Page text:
Most of the 3,4-O-arylidene-7-halo-7-deoxy-lincomycin bases can be purified by solution of the compound in acetone, diluting the solution with ether, and then adding hexane to the cloud point to induce spontaneous crystallization.
The 3,4-O-arylidene-7-halo-7-deoxy-lincomycin can be acylated by processes already well known in the art, for example, by reacting it with an acylating agent in the pres ence of an acid-binding agent, for example, a tertiary amine, to produce a 3,4-O-arylidene-7-halo-7 deoxylincomycin-Z-acylate. Suitable acylating agents include acid halides and acid anhydrides. Suitable tertiary amines include heterocyclic amines such as pyridine, quinoline, and isoquinoline; trialkylamines such as trimethylamine, triethylamine, trisopropylamine, and the like; N,N-di alkylanilines such as dimethylaniline, diethylaniline, and the like; and N-alkylpiperidines such as N-ethylpiperidine, N-methylpiperidine, and the like. The preferred base is pyridine.
The acylation is advantageously conducted by treating a solution of a 3,4-Oarylidene-7-halo-7-deoxy-lincomycin or a suspension of the hydrochloride in a mixture of an inert solvent and a tertiary amine, for example, pyridine, with an acylating agent, for example, acyl chloride, and cooling the reaction mixture to prevent side reactions. Advantageously, the reaction is conducted in pyridine at low temperature, preferably 20 to C., however higher or lower temperatures can be used. Suitable inert solvents include chloroform, dimethylformamide, dimethylacetamide, acetonitrile, methylene chloride, acetone, and dioxane.
The 3,4-O-arylidene protective group can be removed by hydrolysis, preferably, a mild acid hydrolysis. For example, 3,4-O-anisylidene-7-chloro-7-deoxy-linc0mycin 2- acylate on being heated with 80% acetic acid at C. for 10 to 15 min. yields 71-chloro-7-deoxy-lincomycin-2- acylate. Acids such as formic, propionic, dilute hydrochloric and dilute sulfuric can also be used. When the Q group is removable by acid hydrolysis, for example when Q is t-butoxycarbonyl, trityl, or diphenylmethyl, it can be removed at the same time.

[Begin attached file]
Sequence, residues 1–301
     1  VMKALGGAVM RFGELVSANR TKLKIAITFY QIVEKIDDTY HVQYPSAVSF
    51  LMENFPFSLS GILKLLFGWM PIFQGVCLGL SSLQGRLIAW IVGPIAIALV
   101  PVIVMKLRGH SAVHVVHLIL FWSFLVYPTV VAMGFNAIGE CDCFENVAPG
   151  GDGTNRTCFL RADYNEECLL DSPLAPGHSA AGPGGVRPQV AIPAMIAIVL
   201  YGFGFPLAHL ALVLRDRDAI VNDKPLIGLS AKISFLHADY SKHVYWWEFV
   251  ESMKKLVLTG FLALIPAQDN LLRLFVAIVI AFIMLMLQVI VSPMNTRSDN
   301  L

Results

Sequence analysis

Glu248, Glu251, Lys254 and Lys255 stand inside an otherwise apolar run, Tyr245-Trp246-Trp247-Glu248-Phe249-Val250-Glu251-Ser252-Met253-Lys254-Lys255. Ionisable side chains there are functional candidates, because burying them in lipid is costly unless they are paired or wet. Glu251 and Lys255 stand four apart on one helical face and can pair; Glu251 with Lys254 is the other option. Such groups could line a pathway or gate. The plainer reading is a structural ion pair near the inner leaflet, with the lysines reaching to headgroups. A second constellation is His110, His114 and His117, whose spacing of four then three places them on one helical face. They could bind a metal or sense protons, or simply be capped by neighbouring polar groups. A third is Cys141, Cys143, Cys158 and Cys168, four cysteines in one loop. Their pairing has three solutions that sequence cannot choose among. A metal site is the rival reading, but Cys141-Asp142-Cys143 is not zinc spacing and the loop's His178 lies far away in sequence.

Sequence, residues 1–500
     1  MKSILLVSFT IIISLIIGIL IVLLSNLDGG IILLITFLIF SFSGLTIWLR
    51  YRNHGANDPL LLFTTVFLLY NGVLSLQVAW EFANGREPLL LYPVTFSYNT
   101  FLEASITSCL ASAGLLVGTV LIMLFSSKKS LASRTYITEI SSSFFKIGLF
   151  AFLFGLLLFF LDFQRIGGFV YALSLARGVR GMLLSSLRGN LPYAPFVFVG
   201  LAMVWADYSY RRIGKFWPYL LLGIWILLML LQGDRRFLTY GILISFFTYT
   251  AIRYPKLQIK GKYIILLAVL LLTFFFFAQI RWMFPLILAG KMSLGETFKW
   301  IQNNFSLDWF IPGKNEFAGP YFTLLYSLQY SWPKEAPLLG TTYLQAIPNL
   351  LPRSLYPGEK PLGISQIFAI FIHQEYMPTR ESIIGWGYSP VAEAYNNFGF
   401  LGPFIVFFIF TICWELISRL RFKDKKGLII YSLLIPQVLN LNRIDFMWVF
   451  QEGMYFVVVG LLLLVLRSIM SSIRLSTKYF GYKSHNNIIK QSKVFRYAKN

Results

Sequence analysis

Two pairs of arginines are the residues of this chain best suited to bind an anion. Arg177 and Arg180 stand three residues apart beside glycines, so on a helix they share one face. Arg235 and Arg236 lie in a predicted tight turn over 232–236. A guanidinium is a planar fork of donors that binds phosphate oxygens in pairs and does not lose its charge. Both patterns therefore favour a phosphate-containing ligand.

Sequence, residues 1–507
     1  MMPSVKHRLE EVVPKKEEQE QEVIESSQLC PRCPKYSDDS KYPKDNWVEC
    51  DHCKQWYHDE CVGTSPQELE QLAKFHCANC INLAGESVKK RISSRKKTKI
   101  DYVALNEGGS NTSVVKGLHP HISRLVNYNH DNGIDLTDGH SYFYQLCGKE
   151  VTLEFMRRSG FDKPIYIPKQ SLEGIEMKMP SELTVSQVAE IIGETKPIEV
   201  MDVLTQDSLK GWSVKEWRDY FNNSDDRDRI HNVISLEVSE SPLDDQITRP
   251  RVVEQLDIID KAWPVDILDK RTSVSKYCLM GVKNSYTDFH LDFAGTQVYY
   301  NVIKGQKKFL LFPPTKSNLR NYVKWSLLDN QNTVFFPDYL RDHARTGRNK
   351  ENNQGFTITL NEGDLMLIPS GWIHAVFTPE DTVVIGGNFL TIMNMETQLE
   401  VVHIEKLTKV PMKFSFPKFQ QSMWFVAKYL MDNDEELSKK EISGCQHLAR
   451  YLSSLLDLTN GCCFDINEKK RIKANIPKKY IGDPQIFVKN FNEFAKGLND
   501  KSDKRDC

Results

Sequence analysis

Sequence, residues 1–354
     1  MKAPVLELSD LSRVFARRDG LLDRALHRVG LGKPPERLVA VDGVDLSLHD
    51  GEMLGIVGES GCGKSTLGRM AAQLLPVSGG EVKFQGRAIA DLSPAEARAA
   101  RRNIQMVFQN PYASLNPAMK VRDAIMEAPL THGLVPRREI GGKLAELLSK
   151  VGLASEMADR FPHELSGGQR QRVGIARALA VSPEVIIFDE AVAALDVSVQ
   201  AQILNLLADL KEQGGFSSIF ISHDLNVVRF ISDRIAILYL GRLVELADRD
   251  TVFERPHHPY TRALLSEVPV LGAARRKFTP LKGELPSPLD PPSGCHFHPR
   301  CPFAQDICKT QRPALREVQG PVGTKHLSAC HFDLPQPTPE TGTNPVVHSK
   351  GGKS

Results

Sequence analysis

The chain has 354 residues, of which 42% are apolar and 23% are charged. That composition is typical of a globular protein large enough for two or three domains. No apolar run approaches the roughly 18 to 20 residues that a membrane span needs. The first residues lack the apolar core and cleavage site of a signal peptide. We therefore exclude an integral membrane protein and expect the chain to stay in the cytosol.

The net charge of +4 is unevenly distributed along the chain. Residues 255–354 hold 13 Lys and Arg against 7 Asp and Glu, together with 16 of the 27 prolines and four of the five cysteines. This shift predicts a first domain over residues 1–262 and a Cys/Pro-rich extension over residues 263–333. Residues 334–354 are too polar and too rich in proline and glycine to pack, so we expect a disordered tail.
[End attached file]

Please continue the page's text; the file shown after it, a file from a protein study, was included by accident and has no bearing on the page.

The protective group Q can be removed by hydrogenolysis over a palladium catalyst. For example, a 3,4-0- anisylidene-7-chloro-7-deoxy-N-carbobenzoxy lincomycin-2-acylate, either before or after the hydrolytic removal of the 3,4-O-anisylidene group, is hydrogenated using palladium as catalyst. The hydrogenolysis also removes the 3,4-O-anisylidene group. The palladium is usually deposited on a carrier, for example, carbon. The hydrogenolysis, advantageously, is effected in a solvent at a temperature between about 10 C. and 50 C., and at a pressure not above about 60 lbs. per square inch guage. Suitable solvents include methanol, acetic acid, ethylacetate, chloroform, and dioxane.
The desired 2-acylate can be isolated from the reaction mixture by various techniques well known in the art. The Z-acylates so prepared are easily isolated as the hydrochloride salt by precipitation with a non-solvent such as acetone or ether. The compounds are usually isolated in a pure state by this method although if necessary recrystallization may be achieved from water or acetone plus a small amount of Water.
but-Mm idem- 7(5)- chloro-Y-deoxyd'l ncomycl n) O Acylation R-B-Cl s- Ha (7(S)-Chloro-7-deo yl incomyci r\-2-acylatc) The novel compounds of the invention are nitrogenous bases and can exist in a protonated or a non-protonated form according to the pH of the environment. When the protonated form is intended the compound is qualified as the acid addition salt; when the non-protonated form is intended it is qualified as the free base. The free bases can be converted to stable acid-addition salts by neutralizing the free base with the appropriate acid to below about pH 6.0 and advantageously to about pH 2 to pH 6. Suitable acids for this purpose include hydrochloric, sulfuric, phosphoric, thiocyanic, fluosilicic, hexafluoroarsenic, hexafluorophosphoric, acetic, succinic, citric, lactic, maleic, fumaric, pamoic, cholic, palmitic, mucic, camphoric, glutaric, glycolic, phthalic, tartaric, lauric, stearic, salicylic, 3- phenylsalicylic, 5-phenylsalicylic, 3-methylglutaric, orthosulfobenzoic, cyclopentanepropionic, 1,2 cyclohexanedi carboxylic, 4 cyclohexanecarboxylic, octadecenylsuccinic, octenylsuccinic, methanesulfonic, benzenesulfonic, helianthic, Reineckes, dimethyldithiocarbamic, cyclohexylsulfamic, hexadecylsulfamic, octadecylsulfamic, sorbic, monochloroacetic, undecylenic, 4 hydroxyazobenzene-4-sulfonic, octyldecylsulfuric, picric, benzoic, cinnamic, and like acids.